Paa Joe, Coffin in the Form of a Nike Sneaker

Paa Joe, Coffin in the Form of a Nike Sneaker, mid-1990s, wood, pigment, metal, fabric, 73.7 x 203.2 x 57.2 cm (Brooklyn Museum); a conversation with Dr. Peri Klemm and Dr. Steven Zucker

[0:00] [music]

Dr. Steven Zucker: [0:06] We’re in the Brooklyn Museum, and we’re looking at a large, wooden sneaker.

Dr. Peri Klemm: [0:10] This is actually a coffin. It’s made by Paa Joe, a Ghanaian artist working in Teshie in Accra on the coast of Ghana. This is actually a tradition that began in the 1950s with Kane Kwei, a Ga artist who began fashioning elaborate coffins for the nouveau riche, for the elites of urban society.

Dr. Zucker: [0:30] Well, that’s nothing new. As far as we can look back in history, people have lavished enormous effort on funerary rites as a way of showing the deceased’s importance.

Dr. Klemm: [0:39] In this case, however, Kane Kwei and his descendants, who carried on the tradition, began making coffins that represented something about the deceased. Usually, it was a commodity of some sort that he could associate with them.

Dr. Zucker: [0:55] So a sneaker, Nike Air. The references are to modern consumer culture.

Dr. Klemm: [1:00] We don’t know about this specific one, but it could be that the deceased was an athlete, a great sports fan, had an interest in running.

Dr. Zucker: [1:08] So somebody would commission Paa Joe to come and to create a coffin for them. This was in advance of their death very often.

Dr. Klemm: [1:14] It’s possible, and we have a unique phenomenon that develops in urban Accra and urban Ghana in the 1950s of folks that have excess money to spend who are called the “been-tos.”

[1:27] That is, they have been to Europe, or they’ve been to the United States, and they’ve been to capitalist societies where consumerism is alive and well and they’ve brought back that same want and need for modern things. That extends into the way in which they’re buried.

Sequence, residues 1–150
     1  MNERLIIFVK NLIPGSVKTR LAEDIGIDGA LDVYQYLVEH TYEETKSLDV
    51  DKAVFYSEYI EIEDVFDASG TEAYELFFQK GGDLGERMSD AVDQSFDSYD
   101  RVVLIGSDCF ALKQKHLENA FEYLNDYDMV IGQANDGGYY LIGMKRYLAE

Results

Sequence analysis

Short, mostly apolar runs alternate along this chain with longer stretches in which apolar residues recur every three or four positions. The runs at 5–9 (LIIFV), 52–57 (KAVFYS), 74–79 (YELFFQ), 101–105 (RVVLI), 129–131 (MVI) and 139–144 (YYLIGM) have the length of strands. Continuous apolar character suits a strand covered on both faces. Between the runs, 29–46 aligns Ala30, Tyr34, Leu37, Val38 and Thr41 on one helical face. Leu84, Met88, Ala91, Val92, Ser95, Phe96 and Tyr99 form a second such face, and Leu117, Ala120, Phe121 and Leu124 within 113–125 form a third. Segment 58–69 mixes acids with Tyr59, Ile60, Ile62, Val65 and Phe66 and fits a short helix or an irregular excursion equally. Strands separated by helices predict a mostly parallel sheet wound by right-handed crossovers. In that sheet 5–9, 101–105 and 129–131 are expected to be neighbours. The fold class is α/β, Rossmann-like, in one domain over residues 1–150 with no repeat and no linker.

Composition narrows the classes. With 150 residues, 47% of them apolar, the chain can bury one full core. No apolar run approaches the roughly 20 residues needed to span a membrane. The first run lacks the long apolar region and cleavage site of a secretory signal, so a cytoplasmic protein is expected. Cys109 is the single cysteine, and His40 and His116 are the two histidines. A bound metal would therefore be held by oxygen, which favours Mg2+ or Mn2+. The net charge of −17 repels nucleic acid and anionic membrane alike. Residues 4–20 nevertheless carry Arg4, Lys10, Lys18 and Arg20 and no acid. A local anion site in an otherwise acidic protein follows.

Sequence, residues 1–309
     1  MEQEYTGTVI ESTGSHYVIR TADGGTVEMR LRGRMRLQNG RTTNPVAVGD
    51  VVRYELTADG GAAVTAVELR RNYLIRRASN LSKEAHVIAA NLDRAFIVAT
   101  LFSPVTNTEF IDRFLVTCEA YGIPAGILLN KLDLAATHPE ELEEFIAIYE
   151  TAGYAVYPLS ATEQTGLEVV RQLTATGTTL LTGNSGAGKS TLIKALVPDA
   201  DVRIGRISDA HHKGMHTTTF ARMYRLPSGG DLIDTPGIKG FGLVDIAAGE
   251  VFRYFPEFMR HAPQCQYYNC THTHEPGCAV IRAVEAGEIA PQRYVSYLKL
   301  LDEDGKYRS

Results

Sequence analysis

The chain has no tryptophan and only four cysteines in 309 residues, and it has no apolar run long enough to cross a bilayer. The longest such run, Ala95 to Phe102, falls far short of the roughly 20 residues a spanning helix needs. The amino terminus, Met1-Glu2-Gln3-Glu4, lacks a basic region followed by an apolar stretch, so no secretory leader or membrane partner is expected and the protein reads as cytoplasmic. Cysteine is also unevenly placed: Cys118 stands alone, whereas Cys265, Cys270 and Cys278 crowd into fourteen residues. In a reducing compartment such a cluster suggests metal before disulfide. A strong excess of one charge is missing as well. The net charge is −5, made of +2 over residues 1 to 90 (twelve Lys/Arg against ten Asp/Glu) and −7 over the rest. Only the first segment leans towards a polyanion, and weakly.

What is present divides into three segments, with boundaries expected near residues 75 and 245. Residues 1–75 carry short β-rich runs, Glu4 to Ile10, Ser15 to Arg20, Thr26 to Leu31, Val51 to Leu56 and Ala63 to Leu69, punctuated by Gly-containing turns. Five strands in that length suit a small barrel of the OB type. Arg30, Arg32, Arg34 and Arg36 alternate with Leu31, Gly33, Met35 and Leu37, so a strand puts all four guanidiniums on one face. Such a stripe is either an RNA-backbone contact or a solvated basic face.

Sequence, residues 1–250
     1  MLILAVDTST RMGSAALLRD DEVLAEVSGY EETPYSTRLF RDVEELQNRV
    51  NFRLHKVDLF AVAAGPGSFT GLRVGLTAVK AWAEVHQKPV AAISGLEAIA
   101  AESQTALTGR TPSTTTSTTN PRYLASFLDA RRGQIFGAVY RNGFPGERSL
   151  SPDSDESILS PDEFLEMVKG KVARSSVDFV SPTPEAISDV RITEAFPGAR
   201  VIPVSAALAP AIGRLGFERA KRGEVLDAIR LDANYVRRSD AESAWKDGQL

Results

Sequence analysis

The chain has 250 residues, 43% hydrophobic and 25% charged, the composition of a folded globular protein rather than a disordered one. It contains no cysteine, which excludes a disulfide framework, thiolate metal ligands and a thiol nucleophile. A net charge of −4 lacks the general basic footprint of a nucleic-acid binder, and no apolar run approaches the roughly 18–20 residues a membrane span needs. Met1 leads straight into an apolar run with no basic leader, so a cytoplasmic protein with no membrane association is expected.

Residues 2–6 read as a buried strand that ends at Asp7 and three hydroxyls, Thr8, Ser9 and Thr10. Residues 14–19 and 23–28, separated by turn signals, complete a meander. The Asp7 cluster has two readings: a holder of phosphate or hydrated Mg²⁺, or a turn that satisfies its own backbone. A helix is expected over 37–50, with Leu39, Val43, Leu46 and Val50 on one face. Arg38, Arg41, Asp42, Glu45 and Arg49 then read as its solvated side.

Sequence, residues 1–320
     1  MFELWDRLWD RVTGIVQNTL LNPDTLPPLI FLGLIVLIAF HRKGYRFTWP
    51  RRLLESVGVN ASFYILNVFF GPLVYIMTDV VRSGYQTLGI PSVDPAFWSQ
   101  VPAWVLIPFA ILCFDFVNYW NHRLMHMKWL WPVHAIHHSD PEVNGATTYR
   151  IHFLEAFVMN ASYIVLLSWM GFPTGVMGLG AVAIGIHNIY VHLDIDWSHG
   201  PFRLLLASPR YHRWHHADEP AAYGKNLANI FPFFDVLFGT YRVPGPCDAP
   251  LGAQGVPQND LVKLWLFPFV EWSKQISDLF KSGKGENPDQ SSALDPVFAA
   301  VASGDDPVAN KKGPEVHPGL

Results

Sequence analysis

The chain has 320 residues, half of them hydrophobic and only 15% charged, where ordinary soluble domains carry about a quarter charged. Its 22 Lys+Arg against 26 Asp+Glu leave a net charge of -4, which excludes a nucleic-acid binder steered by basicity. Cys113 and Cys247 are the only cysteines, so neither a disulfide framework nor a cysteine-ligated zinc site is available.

[1:42] They would very likely commission something that suggested the status they held as been-tos. The references to consumerism, particularly with designer shoes, designer cars. The very first coffins were less commodity commercialized in this way.

[1:57] For example, we had a woman who was buried in a coffin shaped as a hen. She did have a successful egg business, but she was also thought of a mother hen in her community.

Dr. Zucker: [2:06] What’s interesting to me when I look at the sneaker is that it references the way that Western artists in the 1960s and early ’70s appropriated low commercial culture with an ironic twist that we know as Pop Art. But this is different. This is a claiming of the status that the object represents in a very direct way.

Dr. Klemm: [2:23] In the West, these are often seen as comical. I don’t think they were intended as such when the owners picked them out. They were really about going out in grand fashion.

[2:33] Funerals are one of the biggest events that is a transition from living to the supernatural realm in Ghana. People spend lavish amounts of money to bury their relatives. This was just a one-upmanship of what one could do, the extravagance to which one could go to have an elaborate funeral.

Dr. Zucker: [2:52] Maybe the irony exists in the idea that this particular coffin was not used but was rather collected. It became a work of art in the Western sense despite its original intention.

Dr. Klemm: [3:01] Paa Joe I think today gets more commissions from outsiders than he does from the local community. We’re finding that these have become collectors’ items. Less and less are put into the ground to decay along with the body, and more and more are put into exhibition spaces like the Brooklyn Museum.

[3:19] [music]

Cite this page as: Dr. Peri Klemm and Dr. Steven Zucker, "Paa Joe, Coffin in the Form of a Nike Sneaker," in Smarthistory, May 6, 2021, accessed June 23, 2024, https://smarthistory.org/paa-joe-coffin-the-shape-of-a-nike-sneaker/.